A new theme of laws in the United States appears to be geared towards teaching students how to properly submit to police by teaching them how to “interact” with the officers they encounter—and it could start with children as young as 5 years old.

In Texas, Gov. Gregg Abbott signed Senate Bill 30 into law, requiring “certain public school students” to study a curriculum that teaches them how to interact with police officers. The new law goes into effect on Sept. 1.

“The commission by rule shall require that information relating to law enforcement procedures for traffic stops be included in the curriculum of each driver education course and driving safety course. The curriculum must include: a demonstration of the proper actions to be taken during a traffic stop; and information regarding: the role of law enforcement and the duties and responsibilities of peace officers; a person ’s rights concerning interactions with peace officers; proper behavior for civilians and peace officers during interactions.” 

The curriculum will be created by the State Board of Education and the Texas Commission on Law Enforcement, and it will focus on students in grades 9-12. It will also include a civilian interaction training program for peace officers, and additional instruction on interacting with police for driver education and safety courses.


The law comes after high profile cases such as the death of Sandra Bland, a 28-year-old woman who was pulled over for allegedly changing lanes improperly, arrested, and then found dead in her jail cell three days later. There are still several questions surrounding the circumstances that led up to her death—from why she was arrested for such a minor infraction, to why the Dashcam video released by police was heavily edited.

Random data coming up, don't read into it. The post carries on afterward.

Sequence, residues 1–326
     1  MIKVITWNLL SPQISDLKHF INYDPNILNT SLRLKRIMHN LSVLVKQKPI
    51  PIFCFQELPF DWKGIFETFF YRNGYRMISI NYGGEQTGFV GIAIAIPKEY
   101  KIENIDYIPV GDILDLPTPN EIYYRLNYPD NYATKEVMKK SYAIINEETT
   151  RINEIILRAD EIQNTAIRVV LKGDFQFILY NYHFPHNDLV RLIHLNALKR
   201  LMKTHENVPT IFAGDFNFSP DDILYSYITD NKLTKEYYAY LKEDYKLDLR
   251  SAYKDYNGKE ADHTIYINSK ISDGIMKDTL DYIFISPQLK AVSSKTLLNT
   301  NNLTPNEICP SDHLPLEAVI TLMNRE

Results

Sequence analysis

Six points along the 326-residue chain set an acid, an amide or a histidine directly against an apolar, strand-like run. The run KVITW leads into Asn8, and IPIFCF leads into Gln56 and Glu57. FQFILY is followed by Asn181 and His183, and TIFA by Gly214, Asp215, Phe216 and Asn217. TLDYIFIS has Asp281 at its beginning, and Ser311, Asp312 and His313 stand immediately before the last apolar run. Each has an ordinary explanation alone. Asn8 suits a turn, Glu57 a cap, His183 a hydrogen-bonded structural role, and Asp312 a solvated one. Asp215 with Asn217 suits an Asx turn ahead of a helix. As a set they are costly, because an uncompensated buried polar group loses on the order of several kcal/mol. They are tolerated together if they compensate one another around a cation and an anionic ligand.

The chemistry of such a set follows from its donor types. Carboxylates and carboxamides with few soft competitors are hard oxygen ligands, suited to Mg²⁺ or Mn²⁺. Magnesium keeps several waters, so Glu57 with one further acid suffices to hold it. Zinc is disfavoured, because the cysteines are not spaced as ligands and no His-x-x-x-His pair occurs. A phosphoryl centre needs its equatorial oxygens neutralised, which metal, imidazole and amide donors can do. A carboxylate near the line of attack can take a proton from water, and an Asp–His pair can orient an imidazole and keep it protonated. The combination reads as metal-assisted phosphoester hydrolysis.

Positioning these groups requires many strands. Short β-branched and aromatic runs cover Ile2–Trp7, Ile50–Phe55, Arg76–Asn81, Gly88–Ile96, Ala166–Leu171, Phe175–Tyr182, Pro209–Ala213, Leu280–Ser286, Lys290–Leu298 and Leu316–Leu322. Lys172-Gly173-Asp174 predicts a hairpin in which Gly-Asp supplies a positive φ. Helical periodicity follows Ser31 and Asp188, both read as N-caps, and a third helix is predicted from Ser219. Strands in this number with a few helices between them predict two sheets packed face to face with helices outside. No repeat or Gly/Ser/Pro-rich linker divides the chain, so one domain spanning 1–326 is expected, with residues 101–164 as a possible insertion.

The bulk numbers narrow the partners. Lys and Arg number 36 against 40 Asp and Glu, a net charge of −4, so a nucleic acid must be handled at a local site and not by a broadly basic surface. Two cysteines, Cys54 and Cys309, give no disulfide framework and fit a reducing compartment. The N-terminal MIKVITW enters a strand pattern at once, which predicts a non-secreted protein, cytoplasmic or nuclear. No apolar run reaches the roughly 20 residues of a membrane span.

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In New Jersey, the state assembly gave unanimous support to a bill that would start teaching children how to “interact” with police as early as kindergarten. Assembly Bill A1114 passed with a vote of 76-0 on Thursday.

While the initial version of the bill focused on teaching schoolchildren about “the role and responsibilities of a law enforcement official in providing for public safety; and an individual’s responsibilities to comply with a directive from a law enforcement official,” an amended version includes “an individual’s rights under law in interacting with a law enforcement official.”

“As amended, this bill requires school districts to provide instruction on interacting with law enforcement in a manner marked by mutual cooperation and respect, and on the rights of individuals when interacting with a law enforcement official, as part of the implementation of the New Jersey Student Learning Standards in Social Studies, beginning with the 2018-2019 school year.”

The bill would create two sections of curriculum—one for kindergarten to 4th grade, and one for 5th to 12th grade. The amended version puts the responsibility on the Department of Education to work with an advisory committee, in order to finalize the curriculum.

“The bill directs the Commissioner of Education to appoint an advisory committee to assist in the development of a curriculum for the implementation of the instructional requirement, and details the organizations that are to serve on the advisory committee.”